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Imagining Ecotopia

Berry, Evan; Proctor, James
Journal for the Study of Religion, Nature, and Culture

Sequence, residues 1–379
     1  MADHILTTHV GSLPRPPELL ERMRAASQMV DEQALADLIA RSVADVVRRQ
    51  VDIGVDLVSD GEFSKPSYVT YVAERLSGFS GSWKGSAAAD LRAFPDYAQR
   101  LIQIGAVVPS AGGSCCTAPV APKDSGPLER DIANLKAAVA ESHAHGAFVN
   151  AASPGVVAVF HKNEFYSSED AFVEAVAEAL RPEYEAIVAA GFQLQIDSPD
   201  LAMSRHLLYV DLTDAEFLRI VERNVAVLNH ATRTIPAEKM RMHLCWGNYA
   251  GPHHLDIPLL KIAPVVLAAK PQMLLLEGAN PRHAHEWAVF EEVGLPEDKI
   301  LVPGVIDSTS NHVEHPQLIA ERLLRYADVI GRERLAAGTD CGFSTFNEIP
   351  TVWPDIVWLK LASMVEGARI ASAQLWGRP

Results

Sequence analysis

We dedicate this series of articles to Jim Kopp, gentle bear of a man and utopian scholar, who patiently introduced us to the immense related literature and keygures in Oregon’s history. Though Jim did not live to see the fruits of our collective labors, his inuence shines throughout these writings. We also acknowledgenancial support via the John Templeton Foundation. Though only occasionally labeled as such, ecotopias feature abundantly in contemporary environmental discourse. Popularlms, such as Avatar and 2012, address the desire for a more perfect union between the human and the nonhuman, and do so by imaginatively depicting what such a union might look like. Abiding and ephemeral gatherings of people across the United States (and globally as well) attempt to synco- pate the communitarian impulse with ecological well-being. This dynamic—the deployment of ecological ideals as tools of social and economic organization—is widely cited by journalists working to * The publication of this and a number of future issues of the JSRNC focusing on religion, nature, and science are being facilitated by a grant from the Metanexus Institute, with additional support from the College of Liberal Arts and Sciences, the Ofce of Research, and the Departments of Anthropology and Religion, at the Uni- versity of Florida. The International Society for the Study of Religion, Nature and Culture, and the editors of this journal, gratefully acknowledge this support—Bron Taylor, JSRNC Editor-in-Chief.